I have always watched my mother with great pleasure as she let the little things slide into the hot oil and it then always started to bubble directly. After that, I always had to eat a falafel directly.
Falafel are super crispy on the outside and deliciously tender on the inside. The fresh herbs give them their beautiful green color inside. If you ever get in a supermarket or restaurant from the inside pale or even yellow falafel, you have unfortunately not caught a good one.
By the way, you can also easily prepare falafel in a hot air fryer. Just look here here.
Varied & delicious!
Fresh falafel taste very good to me personally also pure. But even better are falafel with tahini sauce. This combination is the classic and is served in Lebanon as well as in the rest of the Levant.
But of course that was not quite it! Falafel go quite well with
You can serve them with the above delicacies in a bowl you put together yourself, side by side for dipping, or enjoy them classically as a wrap with fresh tomatoes, parsley, tahini sauce, and pickled beets.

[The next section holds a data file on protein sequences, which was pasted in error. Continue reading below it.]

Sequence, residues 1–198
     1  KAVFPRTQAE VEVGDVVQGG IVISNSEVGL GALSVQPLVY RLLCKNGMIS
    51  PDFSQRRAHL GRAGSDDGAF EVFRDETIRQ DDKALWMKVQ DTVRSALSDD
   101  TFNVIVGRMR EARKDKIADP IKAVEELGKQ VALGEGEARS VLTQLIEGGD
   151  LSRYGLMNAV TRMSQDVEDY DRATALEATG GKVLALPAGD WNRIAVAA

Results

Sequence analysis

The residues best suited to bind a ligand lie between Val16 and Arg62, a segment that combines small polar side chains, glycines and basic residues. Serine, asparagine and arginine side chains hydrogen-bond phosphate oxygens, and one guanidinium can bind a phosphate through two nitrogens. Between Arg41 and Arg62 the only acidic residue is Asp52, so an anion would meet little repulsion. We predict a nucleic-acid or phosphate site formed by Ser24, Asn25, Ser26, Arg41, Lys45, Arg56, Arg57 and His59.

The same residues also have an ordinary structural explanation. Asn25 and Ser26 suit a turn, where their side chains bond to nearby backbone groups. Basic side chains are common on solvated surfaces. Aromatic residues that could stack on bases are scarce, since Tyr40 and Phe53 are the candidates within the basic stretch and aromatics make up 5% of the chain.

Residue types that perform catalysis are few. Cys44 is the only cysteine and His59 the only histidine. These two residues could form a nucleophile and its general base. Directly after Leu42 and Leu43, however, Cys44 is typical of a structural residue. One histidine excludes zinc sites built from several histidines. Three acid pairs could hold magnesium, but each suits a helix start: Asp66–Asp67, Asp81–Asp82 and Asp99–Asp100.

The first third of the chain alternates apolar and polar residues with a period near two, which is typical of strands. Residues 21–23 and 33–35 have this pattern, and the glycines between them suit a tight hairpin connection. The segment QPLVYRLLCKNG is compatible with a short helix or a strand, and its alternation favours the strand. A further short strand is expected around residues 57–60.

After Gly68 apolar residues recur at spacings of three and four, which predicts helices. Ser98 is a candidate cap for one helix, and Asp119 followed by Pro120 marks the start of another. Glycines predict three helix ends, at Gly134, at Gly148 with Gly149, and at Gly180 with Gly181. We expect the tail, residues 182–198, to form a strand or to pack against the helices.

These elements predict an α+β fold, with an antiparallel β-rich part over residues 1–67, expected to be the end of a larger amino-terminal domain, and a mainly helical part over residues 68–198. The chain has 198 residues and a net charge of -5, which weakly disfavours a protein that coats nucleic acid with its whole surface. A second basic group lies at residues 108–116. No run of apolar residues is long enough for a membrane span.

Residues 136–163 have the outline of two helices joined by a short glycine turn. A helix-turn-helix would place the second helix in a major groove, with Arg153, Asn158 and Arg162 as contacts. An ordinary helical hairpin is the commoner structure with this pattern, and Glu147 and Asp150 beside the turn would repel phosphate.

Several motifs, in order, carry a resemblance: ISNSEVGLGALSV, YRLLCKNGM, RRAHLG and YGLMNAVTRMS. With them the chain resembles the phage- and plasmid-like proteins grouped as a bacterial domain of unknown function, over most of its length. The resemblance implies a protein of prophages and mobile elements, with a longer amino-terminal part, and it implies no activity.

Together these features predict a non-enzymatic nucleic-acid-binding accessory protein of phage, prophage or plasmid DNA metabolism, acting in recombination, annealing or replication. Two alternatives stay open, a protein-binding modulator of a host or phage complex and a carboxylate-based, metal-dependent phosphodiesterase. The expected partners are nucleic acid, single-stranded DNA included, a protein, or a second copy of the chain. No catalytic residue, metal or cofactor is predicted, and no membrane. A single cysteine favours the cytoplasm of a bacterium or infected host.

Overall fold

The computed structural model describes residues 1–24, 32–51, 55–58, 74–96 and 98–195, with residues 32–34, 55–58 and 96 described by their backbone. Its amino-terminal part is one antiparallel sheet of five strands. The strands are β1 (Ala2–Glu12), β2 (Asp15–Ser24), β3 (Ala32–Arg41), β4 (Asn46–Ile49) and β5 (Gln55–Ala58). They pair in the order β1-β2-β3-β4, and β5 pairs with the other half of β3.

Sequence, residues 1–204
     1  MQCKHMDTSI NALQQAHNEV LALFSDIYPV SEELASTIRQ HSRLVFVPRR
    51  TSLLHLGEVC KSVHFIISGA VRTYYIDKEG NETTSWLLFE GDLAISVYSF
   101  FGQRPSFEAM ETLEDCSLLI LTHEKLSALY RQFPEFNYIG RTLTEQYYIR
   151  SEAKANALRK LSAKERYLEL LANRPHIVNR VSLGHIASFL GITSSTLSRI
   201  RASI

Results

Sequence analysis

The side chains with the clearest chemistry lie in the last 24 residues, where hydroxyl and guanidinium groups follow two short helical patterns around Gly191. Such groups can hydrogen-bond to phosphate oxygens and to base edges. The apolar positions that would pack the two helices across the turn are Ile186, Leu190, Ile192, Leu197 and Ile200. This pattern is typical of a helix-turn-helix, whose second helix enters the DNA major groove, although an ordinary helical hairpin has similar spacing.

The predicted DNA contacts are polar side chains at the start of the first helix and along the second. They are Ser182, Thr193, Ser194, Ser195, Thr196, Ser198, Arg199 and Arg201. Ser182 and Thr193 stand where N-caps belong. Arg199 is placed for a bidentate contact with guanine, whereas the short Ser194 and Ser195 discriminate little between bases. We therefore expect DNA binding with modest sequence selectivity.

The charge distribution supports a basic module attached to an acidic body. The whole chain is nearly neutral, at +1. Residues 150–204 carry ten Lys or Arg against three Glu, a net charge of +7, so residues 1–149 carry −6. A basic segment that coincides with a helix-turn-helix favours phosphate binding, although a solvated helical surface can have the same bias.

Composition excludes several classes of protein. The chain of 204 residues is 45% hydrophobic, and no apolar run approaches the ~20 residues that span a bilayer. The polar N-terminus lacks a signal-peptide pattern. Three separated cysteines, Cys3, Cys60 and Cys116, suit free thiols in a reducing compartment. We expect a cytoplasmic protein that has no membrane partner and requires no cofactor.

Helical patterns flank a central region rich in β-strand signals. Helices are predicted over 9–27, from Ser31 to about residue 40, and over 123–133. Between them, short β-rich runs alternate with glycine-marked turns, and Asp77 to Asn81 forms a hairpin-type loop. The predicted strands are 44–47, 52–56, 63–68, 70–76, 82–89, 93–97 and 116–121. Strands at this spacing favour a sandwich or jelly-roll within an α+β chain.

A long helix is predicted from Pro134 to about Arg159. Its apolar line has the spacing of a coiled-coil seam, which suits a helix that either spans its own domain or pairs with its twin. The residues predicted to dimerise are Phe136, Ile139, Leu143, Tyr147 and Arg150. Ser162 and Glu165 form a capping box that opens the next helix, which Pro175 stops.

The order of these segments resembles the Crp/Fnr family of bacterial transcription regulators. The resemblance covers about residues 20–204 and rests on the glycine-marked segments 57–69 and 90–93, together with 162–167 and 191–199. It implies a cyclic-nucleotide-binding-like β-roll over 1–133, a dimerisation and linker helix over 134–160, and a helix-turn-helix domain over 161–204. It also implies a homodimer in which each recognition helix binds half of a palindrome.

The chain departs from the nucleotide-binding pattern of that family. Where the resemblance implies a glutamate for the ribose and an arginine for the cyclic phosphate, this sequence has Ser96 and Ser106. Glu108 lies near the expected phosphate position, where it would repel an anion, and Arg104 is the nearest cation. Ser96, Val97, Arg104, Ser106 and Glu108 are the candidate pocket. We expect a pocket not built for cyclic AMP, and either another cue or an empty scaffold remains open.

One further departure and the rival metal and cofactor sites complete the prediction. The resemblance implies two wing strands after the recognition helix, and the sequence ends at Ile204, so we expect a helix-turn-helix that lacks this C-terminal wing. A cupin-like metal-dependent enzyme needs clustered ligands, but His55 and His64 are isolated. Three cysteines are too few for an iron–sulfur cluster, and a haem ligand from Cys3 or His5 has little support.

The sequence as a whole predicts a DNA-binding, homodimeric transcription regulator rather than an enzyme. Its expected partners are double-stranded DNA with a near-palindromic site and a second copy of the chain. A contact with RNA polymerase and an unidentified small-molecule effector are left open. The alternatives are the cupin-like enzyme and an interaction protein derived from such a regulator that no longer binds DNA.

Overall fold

If you wrap falafel in a wrap, press them first. You can really squeeze them, because then they absorb the sauce much better. This makes your wrap so really nice juicy and tasty.
Tips & Tricks
Personally, I always eat falafel fresh. If you have some left over and want to eat them the next day, I would definitely heat them up again briefly in the oven or deep fryer, otherwise they taste a bit dry.
You can also freeze the cooled falafel very well for later use. To do this, you should let the fried falafel cool down really well and then place them side by side on a large plate in the freezer for about 1 hour.
You should do this "pre-freezing" so that the falafel do not stick together later in the freezer bag. After the hour, the falafel are hard and can be frozen in a freezer bag or fresh box for up to 6 months.